Why Japanese eel can cost over $90

  • People in Japan have eaten eel for thousands of years.
  • But the global catch of Japanese eel has declined by more than 75% since 1980, so prices can vary widely each year.
  • In January 2018, young eels, also called glass eels, cost around $35,000 per kilogram.

Following is a transcript of the video.

Narrator: This is the most expensive fish in Japan. In January 2018, a kilogram of these baby eels cost around $35,000. That's more than bluefin tuna, and almost as much as the price of gold at the time.

But catching these eels is just the beginning. It can take a year of work until they're large enough to be sold. So what makes these eels so popular? And why are they so expensive?

People in Japan have eaten eel for thousands of years. Restaurants like this can sell 40 to 50 tons of eel each year. Japanese eel, or Anguilla japonica, can be found across East Asia, but overfishing and changing habitats have caused a huge decline in eel populations. Since 1980, the global catch of eel has declined by more than 75%, which has had a huge effect on price.

Rui Kinoshita: What is happening these days is the difference in the price is so much each year. It can be tripled compared to last year. Next year can be a third of the year before.


Narrator: Unlike other types of fishing, the majority of eels are raised, not caught as adults. Young eels, called glass eels, are caught in the wild and raised on farms like this. No farms have been able to efficiently breed the eels in captivity. So farmers depend on the catch of young eels to make a profit.

Michio Tanaka: The amount I raise here varies each year, but roughly speaking it's about 30 tons. About 150,000 or 160,000 eels.

Narrator: Raising this many eels requires constant attention. Michio has been working as an eel farmer for almost 40 years.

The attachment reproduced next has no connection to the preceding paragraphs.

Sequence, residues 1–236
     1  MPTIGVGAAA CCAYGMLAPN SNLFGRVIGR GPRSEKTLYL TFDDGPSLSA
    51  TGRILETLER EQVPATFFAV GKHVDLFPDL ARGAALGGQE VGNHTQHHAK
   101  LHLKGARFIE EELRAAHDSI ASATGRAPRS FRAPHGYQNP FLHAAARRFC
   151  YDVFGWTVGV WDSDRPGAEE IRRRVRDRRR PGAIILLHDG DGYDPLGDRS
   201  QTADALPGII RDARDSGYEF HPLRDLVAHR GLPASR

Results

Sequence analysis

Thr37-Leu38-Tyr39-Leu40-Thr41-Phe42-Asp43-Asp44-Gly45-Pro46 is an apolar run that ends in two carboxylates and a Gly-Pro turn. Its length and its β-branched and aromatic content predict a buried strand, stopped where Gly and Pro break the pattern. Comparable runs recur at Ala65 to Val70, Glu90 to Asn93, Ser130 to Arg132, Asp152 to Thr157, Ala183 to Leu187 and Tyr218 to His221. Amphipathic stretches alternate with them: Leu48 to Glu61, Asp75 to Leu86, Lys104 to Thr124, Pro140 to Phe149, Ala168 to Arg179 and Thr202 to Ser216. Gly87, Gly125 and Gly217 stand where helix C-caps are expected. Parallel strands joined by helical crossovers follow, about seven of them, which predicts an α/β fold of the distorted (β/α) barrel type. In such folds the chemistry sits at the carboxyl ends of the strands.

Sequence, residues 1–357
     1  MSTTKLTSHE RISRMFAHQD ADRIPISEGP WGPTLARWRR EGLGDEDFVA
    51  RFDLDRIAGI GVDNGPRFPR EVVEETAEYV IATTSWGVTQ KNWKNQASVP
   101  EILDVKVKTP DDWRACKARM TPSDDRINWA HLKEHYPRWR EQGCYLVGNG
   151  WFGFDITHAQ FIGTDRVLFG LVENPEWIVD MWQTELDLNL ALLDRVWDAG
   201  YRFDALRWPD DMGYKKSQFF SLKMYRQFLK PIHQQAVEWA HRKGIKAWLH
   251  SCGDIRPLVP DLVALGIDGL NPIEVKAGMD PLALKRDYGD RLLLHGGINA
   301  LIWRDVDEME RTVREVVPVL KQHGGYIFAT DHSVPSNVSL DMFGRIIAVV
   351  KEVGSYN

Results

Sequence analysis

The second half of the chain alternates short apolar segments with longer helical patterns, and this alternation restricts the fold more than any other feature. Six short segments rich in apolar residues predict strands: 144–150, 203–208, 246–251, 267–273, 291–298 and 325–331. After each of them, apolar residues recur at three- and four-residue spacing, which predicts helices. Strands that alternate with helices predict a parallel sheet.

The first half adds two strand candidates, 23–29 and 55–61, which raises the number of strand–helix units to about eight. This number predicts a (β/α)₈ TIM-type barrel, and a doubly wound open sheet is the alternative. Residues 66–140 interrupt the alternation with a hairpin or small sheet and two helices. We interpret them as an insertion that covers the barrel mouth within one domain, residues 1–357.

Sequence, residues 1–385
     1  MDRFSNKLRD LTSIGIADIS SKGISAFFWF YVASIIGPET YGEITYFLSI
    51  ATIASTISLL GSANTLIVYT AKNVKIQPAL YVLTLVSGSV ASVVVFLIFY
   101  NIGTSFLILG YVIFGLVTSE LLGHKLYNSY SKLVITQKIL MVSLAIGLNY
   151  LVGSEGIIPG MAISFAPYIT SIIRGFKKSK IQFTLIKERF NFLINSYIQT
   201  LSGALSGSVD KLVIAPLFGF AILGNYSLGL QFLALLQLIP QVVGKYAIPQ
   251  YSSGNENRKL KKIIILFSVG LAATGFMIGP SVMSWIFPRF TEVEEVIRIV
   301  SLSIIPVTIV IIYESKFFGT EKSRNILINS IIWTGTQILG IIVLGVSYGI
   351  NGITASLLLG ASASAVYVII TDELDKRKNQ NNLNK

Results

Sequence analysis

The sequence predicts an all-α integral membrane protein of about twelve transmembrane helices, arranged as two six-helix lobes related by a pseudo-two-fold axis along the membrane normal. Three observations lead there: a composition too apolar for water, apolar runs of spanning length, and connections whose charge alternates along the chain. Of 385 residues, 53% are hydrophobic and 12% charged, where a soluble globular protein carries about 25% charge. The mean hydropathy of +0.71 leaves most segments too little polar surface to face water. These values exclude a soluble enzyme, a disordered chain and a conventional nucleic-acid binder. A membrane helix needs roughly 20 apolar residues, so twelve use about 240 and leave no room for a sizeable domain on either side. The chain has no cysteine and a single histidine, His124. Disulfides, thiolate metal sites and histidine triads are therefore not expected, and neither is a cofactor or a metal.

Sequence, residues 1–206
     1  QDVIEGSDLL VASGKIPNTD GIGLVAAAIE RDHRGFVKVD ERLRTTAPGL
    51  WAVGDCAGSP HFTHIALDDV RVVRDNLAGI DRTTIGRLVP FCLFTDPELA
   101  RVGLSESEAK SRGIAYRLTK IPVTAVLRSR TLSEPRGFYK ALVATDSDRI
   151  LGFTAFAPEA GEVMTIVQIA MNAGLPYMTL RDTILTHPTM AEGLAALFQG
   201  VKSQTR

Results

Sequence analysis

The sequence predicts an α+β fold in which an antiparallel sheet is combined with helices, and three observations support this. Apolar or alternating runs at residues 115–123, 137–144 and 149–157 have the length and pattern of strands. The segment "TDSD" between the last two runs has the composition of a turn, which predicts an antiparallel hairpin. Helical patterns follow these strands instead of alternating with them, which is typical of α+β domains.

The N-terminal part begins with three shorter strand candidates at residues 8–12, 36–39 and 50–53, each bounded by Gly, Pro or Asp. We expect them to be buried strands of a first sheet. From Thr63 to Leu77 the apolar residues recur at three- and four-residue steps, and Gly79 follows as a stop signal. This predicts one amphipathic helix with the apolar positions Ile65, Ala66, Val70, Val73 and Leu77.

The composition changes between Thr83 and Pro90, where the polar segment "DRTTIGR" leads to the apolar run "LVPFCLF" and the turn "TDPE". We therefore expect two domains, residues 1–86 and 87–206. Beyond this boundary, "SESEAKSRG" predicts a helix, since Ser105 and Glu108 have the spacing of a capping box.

Michio Tanaka: As for farming eels, I don't think eels are easy fish to grow. If one disease spreads or one accident happens in the pond, you can never make a profit. This can be done only through daily care.

Narrator: After the cost of the eels themselves, feeding them is the most expensive part. Two to three times a day, workers feed eels this. It's a mixture of fish meal, wheat, soybean meal, and fish oil.


Michio Tanaka: I am trying to feed them in a way that food gets around to all 150,000 baby eels. That is a difficult task. I pay a lot of attention to those baby eels. If something happens to that one pond, everything is gone.

Narrator: After six to 12 months of work, eels are big enough to be sold. Workers unload the eels and sort them by size to determine where they'll be sold. Experienced workers can quickly tell the difference just by feel. Some of these eels will end up at restaurants like Surugaya, which has been serving eel for over 150 years. That high demand is part of the reason young eels are so expensive. The final dish is called kabayaki. It may look simple, but preparing it takes years to master.

Rui Kinoshita: There is a saying about cooking eel. It takes three years to master the skewering. Slicing takes eight years. Grilling needs a whole life to master.

Narrator: Workers prepare eel alive to maintain freshness, but this makes handling much more difficult. Workers remove the bones and cut eels to the proper size for the skewers.

Rui Kinoshita: Finally, grilling. It takes a whole life to master. Until you die.


Narrator: Eel has to be constantly monitored while it's cooking to achieve even grilling.

Rui Kinoshita: The best eels for us have good texture. Not too hard, not too soft.

Narrator: Chefs steam, then grill each eel three times, dipping it into sauce between each grilling.

Rui Kinoshita: Presentation and taste have to be equally good. When you open the lid, it has to look beautiful.

Narrator: Kabayaki presented in a lacquer box with rice is called unajū. It can cost up to $91 depending on the price of adult eel. If prices are too high, restaurants struggle to make a profit.


Rui Kinoshita: The amount of eel catch is a matter of life and death for eel restaurants. We all are very concerned about it. I myself am concerned too.

Narrator: In Japan, eels are eaten year-round, but consumption peaks in the summer, and it's become a big part of some local economies. But the high demand has caused concern. In 2014, Japanese eels were classified as endangered, and because of low domestic catch, the majority of eels eaten in Japan are imported from China and Taiwan.

Kouji Yamamoto: When they can't catch enough young eel, the price goes up. When the price is so high, what can those farmers do? Finding the right balance is currently the biggest problem.

Narrator: There have been efforts to improve the eel population, like regulating fishing, releasing adult eels back into the water, and researching how to hatch eels in farms. But the future of Japanese eels remains unclear, and the price is likely to increase with demand.